By Force of Habit

  • Bas Verplanken


Many behaviors that matter in the domain of behavioral medicine are habitual. This chapter first focuses on the definition and conceptualization of habit. Contrary to the prevalent practice of equating habit with frequency of past behavior, habit is described here by three key features: frequency of occurrence, automaticity, and the fact that habits are context-cued. Some varieties of habits are discussed, in particular habitual components of complex behaviors, general versus specific habits, and mental habits. The chapter continues by addressing the question of why habits are difficult to break, and in particular why traditional information campaigns often fail to do this. It is also argued that creating new, desirable, habits may explicitly be adopted as an intervention goal. Interventions may be more effective when these are conducted when old habits are (temporarily) broken. Such habit discontinuities occur, for instance, when people go through life course changes. Finally, a number of methods to assess habit strength are reviewed. The Self-Report Habit Index seems the most reliable and valid instrument to date. It is concluded that the habit concept has much to offer to the promotion of healthier lifestyles. Habit theory thus seems a valuable contribution to the behavioral medicine field.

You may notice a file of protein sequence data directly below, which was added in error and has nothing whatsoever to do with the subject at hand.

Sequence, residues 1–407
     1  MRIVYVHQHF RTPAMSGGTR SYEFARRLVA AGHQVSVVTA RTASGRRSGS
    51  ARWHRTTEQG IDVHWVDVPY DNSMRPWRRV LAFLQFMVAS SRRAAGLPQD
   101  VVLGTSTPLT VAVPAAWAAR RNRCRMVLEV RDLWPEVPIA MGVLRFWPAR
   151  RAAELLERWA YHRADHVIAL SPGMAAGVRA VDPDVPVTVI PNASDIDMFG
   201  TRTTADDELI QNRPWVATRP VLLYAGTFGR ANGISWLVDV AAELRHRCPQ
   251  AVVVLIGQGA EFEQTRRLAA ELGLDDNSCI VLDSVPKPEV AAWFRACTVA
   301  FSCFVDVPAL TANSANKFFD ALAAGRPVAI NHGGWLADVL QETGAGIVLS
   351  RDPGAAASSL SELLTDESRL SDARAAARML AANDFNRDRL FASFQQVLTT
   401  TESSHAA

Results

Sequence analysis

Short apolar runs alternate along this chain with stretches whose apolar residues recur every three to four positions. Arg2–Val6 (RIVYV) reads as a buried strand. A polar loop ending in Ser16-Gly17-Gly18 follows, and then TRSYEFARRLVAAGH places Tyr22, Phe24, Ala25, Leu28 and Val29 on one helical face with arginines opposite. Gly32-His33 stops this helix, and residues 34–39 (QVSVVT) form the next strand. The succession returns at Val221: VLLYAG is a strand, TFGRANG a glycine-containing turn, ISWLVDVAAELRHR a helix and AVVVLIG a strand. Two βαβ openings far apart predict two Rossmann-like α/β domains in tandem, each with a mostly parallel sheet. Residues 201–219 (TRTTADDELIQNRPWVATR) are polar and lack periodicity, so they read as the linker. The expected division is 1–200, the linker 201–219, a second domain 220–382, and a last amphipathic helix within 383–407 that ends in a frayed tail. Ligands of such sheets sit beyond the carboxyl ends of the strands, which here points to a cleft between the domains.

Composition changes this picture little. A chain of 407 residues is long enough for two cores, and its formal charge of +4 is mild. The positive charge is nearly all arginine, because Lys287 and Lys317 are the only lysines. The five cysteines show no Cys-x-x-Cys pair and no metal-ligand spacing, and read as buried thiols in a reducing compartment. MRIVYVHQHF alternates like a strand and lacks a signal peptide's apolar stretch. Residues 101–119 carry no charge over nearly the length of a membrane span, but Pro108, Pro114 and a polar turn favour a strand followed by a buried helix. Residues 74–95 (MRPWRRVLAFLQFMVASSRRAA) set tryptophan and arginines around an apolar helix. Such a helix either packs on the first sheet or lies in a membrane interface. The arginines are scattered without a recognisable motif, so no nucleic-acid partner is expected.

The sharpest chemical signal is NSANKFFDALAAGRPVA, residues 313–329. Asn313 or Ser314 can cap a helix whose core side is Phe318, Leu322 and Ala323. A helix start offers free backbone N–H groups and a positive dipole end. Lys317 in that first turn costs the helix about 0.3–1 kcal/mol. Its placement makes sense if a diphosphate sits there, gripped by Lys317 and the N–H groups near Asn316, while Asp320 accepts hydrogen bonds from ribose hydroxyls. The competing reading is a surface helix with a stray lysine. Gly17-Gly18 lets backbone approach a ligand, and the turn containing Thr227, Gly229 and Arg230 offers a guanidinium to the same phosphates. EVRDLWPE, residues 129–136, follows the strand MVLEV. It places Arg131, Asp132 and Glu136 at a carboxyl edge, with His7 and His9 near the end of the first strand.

Repetitive Behavior Past Behavior Travel Mode Habit Strength Unhealthy Snack 
These keywords were added by machine and not by the authors. This process is experimental and the keywords may be updated as the learning algorithm improves.


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Copyright information

© Springer Science+Business Media, LLC 2010

Authors and Affiliations

  1. 1.Department of PsychologyUniversity of BathBathUK

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